3 #1 Blues Albums
A few years ago, Kenny Wayne Shepherd took a well-deserved vacation after touring for eight years to support his previous three albums. And the eleven blazing tracks that comprise The Place You’re In, his long awaited new Reprise Records release, are proof that it’s been worth the wait. One of the most acclaimed guitarists of his generation, Kenny Wayne Shepherd reveals intense musical passion in this new recording, the first to feature his soulful vocals. In the process, he’s proven conclusively that originality, authenticity and the restless urge to grow are never out of date.
Produced by Marti Frederiksen, The Place You’re In spotlights a stunning stylistic shift from an artist who almost single-handedly introduced Blues/Rock to a new young audience. “It was a natural progression,” remarks the Shreveport, LA native. “Although I established myself in the blues, my music has always had rock elements. When I started writing for this album, I just went where the songs led me and found myself opening up to another side of my music.” But it isn’t simply the impressive leap into rock and roll realms that marks The Place You’re In as the most explosively innovative album of Kenny Wayne Shepherd’s career. From its opening notes, the artist reveals a fresh new dimension of his multi-faceted musical talent—that of an assured and accomplished vocalist.
His untapped singing abilities came to the fore in a single auspicious moment in early 2003. “I had a real moment of clarity, “ Shepherd recounts. “I suddenly saw myself up on stage, fronting the band, singing and playing guitar. I finally locked in on how those two elements can work off each other. All of a sudden, I understood how making the songs my own as a vocalist would give so much more passion to my guitar playing and vice versa. From that moment, I knew I had to take the chance and give it everything I’ve got.”
Giving it all he’s got has been a trademark for Kenny Wayne Shepherd. At 13 years old he was earning critical acclaim as a guitar wunderkind in clubs throughout the Deep South, and while still in high school, he recorded his first album Ledbetter Heights in 1995 which was certified gold by the RIAA.
It was followed, two years later by the platinum selling, Grammy® nominated Trouble is… which featured such blues-drenched chart toppers as “Slow Ride” and “Blue On Black.” 1999 saw the release of his third best seller and Grammy nominated, Live On, while his reputation as an incendiary live performer was consolidated with a virtually endless round of international touring that earned the young prodigy a fanatic following across North America, Europe, Asia, and Australia.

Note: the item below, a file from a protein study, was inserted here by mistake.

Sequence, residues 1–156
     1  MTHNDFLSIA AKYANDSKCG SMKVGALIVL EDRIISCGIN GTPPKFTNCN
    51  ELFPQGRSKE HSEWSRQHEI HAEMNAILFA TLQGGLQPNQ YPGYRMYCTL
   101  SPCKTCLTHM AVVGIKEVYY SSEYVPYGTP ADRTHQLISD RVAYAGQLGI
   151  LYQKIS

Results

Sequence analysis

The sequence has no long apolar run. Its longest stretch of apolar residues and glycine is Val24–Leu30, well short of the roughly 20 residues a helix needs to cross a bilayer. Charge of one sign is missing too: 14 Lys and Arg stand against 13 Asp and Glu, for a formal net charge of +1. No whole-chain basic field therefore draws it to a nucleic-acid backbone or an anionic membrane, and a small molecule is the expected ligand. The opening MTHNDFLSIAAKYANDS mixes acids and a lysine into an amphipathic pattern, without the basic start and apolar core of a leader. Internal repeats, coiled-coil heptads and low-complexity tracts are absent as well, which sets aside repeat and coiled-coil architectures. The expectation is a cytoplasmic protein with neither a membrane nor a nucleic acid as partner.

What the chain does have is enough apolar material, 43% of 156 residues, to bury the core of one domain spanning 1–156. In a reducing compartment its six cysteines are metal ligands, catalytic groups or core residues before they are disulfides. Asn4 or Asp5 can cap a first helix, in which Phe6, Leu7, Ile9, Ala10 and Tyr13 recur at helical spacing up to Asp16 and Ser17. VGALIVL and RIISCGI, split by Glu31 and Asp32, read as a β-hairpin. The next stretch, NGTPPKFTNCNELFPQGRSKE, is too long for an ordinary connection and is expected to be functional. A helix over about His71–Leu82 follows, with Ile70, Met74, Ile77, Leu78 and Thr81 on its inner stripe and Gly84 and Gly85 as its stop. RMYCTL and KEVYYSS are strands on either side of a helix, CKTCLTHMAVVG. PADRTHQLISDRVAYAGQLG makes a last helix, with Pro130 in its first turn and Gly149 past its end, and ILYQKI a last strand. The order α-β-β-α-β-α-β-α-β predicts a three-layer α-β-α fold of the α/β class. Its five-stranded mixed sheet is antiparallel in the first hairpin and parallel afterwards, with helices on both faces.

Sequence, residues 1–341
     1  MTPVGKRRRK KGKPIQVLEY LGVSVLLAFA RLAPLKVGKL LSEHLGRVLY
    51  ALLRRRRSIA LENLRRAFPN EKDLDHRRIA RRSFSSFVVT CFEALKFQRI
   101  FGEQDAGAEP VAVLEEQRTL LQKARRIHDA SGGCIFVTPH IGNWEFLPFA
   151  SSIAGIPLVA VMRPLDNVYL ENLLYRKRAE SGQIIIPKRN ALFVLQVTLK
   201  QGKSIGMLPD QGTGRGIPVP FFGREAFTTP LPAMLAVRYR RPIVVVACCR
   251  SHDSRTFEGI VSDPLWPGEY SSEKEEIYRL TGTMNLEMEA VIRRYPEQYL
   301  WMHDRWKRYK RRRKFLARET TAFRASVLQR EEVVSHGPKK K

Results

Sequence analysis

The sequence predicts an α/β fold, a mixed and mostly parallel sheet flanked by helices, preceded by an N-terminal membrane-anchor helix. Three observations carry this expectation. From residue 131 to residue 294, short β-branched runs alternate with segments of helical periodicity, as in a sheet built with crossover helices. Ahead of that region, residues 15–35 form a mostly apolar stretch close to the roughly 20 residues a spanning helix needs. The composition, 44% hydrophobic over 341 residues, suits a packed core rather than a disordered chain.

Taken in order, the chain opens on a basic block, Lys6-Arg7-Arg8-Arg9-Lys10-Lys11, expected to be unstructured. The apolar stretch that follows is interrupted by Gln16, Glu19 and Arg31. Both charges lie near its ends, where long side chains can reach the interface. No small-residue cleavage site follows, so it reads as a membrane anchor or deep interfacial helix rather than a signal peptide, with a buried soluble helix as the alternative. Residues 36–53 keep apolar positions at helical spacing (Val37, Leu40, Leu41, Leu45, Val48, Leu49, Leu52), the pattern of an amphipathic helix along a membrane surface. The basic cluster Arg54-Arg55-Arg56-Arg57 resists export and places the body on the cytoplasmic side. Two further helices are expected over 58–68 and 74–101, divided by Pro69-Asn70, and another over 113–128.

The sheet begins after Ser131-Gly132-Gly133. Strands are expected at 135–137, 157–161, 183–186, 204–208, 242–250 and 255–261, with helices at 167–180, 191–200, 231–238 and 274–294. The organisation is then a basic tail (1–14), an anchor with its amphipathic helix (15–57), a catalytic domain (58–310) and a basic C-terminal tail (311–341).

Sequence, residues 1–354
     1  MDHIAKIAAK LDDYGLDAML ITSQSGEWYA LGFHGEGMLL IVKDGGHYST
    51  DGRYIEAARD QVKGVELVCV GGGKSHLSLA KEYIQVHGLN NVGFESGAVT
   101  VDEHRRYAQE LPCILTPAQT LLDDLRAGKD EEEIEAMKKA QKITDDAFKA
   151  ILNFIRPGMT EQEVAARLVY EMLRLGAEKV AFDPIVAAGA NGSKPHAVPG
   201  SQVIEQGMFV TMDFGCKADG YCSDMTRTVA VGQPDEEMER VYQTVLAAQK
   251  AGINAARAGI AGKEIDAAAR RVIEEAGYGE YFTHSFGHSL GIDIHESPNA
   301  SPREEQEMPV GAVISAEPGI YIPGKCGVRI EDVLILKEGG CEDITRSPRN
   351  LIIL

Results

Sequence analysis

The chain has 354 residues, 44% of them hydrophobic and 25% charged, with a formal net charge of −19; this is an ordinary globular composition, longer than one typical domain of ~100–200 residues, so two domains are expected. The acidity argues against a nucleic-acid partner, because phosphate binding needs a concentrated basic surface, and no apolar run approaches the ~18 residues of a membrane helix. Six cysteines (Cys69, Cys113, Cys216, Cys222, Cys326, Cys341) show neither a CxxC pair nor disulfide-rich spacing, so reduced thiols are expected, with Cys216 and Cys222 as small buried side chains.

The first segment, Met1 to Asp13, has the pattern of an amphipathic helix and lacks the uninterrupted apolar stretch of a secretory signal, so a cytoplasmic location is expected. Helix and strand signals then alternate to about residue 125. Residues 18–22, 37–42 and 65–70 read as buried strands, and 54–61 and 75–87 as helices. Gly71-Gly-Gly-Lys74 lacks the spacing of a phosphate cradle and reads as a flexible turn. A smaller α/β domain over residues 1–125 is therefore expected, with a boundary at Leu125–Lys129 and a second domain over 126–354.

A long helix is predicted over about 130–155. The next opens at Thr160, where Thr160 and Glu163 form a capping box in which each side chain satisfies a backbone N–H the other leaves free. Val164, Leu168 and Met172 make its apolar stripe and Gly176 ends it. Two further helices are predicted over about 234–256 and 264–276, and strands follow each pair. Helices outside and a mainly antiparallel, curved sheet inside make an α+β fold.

It was in 2000 that Shepherd took a well-deserved respite to recharge his creative batteries, relocating to Los Angeles to avail himself of the city’s thriving music scene. He was soon back at work, writing new material and developing his vocal skills. “The songwriting really flowed, “ he says, recounting his instant affinity with producer Frederiksen. “Marti understood exactly what I was going for and what it would take to get there. He just stepped back and let it happen.”
Over eight months, Shepherd reached the requisite level of confidence to step forward as a vocalist. When asked why he never sang on his previous three albums, he explained, “I sang on a few tracks on my earlier albums, but I was a lot younger then and the voice I was hearing in the vocal booth wasn’t the same one I was hearing in my head. My songs have always been highly personal, but the last thing I wanted to do was sacrifice my sound for the sake of singing lead vocals. It just took a while for them to match up.”
Helping maintain the standard that his fans have come to expect has been Noah Hunt, lead singer on Shepherd’s previous two albums. “Noah is still very much part of my music, “ the artist insists. “He helped write a song on the new project and sings vocals on two cuts.”
Recording began in earnest earlier this year. “Once we got everything up to speed, “ says Shepherd, “it really took off. At the same time, I wanted to leave room for spur-of-the-moment inspiration. At least half of the new songs were written in the studio in the heat of the moment. Once I had the musical direction and the confidence to sing what I had written, it was like nothing could stop us.” It was that spirit of energy and enthusiasm that drew close friend Kid Rock into the mix to co-write and record “Spank.”
“So much of what I’m hearing today draws from the negative, “ Shepherd concludes. “There’s just a lot of bad energy floating around. This music is hopefully putting something positive out there; a little hope and optimism for the future. We’re all growing and changing. Nothing stays the same. We might as well get behind it and enjoy the ride.